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I’ve a short story in the latest edition of The Stinging Fly , which is a brilliant Irish literary journal. If you’d like a copy (or if you like Claire-Louise Bennett or Kevin Barry or Danielle McLaughlin or Colin Barrett, who’ve all been published by SF ) you can get it here Or, you know, go to Dublin.
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There’s a sudden late surge of warmth in the rough winds today and it’s the perfect day to read one of John Clare’s best sonnets: November Sybil of months & worshipper of winds I love thee rude & boisterous as thou art & scraps of joy my wandering ever finds Mid thy uproarious madness – when the start Of sudden tempests stir the forrest leaves Into hoarse fury till the shower set free Still the hugh swells & ebb the mighty heaves That swing the forrest like a troubled sea I love the wizard noise & rave in turn Half vacant thoughts & self imagined rhymes Then hide me from the shower a short sojourn Neath ivied oak & mutter to the winds Wishing their melody belonged to me That I might breath a living song to thee


When I walked over the lock the other day, I passed a man pushing a bike, explaining autumn to his kid. There are four seasons a year, he said, and this is the one where the leaves fall. 'Each new autumn is closer to the last autumn we’ll have, and the same is true of spring or summer; but autumn, by its nature, reminds us that all things will end, which is something we’re apt to forget when we look around us in spring or summer.' - Fernando Pessoa, The Book of Disquiet
And then I remembered a quotation from Cassandra at the Wedding , which I read seven years ago. And of course I’d put it on here. So I found this old dear old thing again, how wet behind the ears. There I am, young self: voluble, enthusiastic. I miss old credulities. It’s time to bring this thing out of the closet and into the end of this decade. To tell that old self: I am reading Savage Detectives again, after all these years.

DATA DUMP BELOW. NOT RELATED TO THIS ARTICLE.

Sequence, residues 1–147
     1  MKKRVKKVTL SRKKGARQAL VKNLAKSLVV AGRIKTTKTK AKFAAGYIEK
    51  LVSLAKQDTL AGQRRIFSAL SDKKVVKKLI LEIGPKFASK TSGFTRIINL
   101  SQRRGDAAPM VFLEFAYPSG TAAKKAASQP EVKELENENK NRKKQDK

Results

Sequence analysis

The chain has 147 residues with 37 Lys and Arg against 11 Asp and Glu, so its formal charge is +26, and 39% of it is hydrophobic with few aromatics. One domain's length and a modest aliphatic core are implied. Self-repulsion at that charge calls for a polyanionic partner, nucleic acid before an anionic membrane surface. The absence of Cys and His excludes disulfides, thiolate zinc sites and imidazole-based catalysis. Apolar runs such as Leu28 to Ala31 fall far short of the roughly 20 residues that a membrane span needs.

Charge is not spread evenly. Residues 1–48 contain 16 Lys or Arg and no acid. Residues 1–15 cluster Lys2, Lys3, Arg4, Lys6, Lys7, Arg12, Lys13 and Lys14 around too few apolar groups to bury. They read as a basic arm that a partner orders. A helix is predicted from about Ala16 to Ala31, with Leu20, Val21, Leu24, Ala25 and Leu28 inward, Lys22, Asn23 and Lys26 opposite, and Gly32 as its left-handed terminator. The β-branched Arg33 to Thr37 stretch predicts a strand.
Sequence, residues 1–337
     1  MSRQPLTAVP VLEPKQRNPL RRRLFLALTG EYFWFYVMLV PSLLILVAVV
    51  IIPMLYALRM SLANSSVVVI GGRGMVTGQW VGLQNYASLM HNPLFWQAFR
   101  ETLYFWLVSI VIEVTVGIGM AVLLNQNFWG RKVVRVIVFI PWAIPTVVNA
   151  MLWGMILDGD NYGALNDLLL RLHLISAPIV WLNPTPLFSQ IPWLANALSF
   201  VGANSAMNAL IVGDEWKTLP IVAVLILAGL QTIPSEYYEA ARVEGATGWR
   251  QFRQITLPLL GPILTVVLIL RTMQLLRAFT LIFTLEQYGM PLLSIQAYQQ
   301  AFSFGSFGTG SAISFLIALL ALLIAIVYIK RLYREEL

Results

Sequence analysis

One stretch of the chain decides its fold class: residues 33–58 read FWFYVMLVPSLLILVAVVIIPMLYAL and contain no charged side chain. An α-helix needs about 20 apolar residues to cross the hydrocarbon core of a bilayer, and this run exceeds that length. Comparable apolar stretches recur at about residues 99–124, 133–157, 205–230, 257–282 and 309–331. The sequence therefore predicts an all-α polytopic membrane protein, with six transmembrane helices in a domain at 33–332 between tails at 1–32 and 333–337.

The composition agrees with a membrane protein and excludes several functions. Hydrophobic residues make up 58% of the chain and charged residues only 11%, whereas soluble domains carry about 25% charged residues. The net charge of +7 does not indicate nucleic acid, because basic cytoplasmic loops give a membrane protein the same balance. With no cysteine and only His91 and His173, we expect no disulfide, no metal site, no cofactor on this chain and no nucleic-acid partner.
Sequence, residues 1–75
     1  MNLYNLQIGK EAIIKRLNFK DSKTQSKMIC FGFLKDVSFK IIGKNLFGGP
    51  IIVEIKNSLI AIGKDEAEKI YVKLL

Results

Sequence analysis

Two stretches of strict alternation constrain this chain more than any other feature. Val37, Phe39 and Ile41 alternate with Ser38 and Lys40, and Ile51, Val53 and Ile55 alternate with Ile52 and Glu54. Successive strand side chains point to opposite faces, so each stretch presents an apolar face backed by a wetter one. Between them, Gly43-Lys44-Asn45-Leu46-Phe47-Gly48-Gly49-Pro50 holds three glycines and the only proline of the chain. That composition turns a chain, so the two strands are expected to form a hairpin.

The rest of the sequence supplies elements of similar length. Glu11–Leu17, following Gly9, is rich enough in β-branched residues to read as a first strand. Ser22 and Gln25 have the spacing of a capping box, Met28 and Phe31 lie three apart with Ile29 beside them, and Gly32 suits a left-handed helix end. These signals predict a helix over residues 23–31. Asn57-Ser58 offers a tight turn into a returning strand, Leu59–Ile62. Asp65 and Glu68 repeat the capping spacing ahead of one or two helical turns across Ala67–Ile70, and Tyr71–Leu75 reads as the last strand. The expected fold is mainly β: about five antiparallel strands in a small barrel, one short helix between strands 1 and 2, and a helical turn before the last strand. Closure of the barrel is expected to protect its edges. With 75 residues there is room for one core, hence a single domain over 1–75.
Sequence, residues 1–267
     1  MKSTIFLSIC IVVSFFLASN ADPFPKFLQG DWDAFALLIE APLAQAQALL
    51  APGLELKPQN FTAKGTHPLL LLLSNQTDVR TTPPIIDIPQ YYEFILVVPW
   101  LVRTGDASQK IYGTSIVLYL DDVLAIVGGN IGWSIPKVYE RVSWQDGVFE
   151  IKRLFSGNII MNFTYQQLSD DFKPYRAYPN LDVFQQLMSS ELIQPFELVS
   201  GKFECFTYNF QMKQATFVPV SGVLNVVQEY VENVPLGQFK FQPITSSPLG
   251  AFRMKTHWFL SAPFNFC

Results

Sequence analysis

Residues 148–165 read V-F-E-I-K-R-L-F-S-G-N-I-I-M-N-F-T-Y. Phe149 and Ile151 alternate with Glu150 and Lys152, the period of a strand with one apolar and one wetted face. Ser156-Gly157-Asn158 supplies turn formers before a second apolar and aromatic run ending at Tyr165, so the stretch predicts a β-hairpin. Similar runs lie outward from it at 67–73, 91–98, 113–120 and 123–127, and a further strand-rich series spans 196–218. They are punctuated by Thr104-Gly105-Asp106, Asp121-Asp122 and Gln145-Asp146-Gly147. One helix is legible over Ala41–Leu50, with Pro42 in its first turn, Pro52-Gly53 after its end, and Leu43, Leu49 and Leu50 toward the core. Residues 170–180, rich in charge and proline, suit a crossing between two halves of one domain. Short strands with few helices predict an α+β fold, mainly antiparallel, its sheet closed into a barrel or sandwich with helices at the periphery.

The Private Life of the Diary

I’ve kept a diary since I was twelve. While I composed nearly illegible autobiographical scratchings in my first years of primary school at my teachers’ request, it wasn’t until I was on the brink of becoming a teenager that I felt I needed a more permanent arrangement. I suspect it had to do with reading The Diary of Anne Frank . My diary’s function has changed over the years – it once had a name (having discovered that Zoe was the Greek word for life, I thought my choice extremely clever), and I used to like my diaries in a variety of shapes and sizes, spangled with glitter, ruled with wide lines, shackled with locks and keys. For at least eight years my diary was the space in which to vent my feelings, and offered some form of therapeutic comfort. This meant it was largely about boys and is, as a result, very tedious to reread. But while the function of my journal has changed, each volume has been a solution to the manic desire to scribble. As I discovered reading Anne Frank, each e

Eire go Bragh

St. Patrick’s Day came a little late this year. This arrived in the mail on Friday. Between the promise of O’Connor, finishing Tim Robinson’s magisterial Connemara trilogy, whizzing through the second season of The Fall , and Patrick Radden Keefe’s New Yorker article on the bodies of those “disappeared” during the Troubles (March 16th issue), March has proved an Irish excursion. I’m almost in the mood for a thimbleful of Guinness.


My previous experience of Rachel Cusk is restricted to her travel book on Italy, The Last Supper , which was withdrawn in Britain because of objections from individuals who found themselves featured, unflatteringly, within its pages. It's very difficult not to write a book about Italy without being smug. Then I read reviews (especially hatchet jobs) about her controversial divorce memoir, Aftermath . I confess I’m suspicious when a writer writes memoir after memoir, as if his own life is the only field of interest. I read memoirs – I am moved by the familiar voice – but I’m wary of their cultural predominance. Self-knowledge is a good springboard for knowledge of others. Orbiting one’s own life without ever calling into question the limitation of it seems myopic. (This, however, is not to say that personal writing can be divorced from art, or that it should be.) But Outline is an expose of how fascinating and selfish and dreary and inescapable monologues on the self can be. The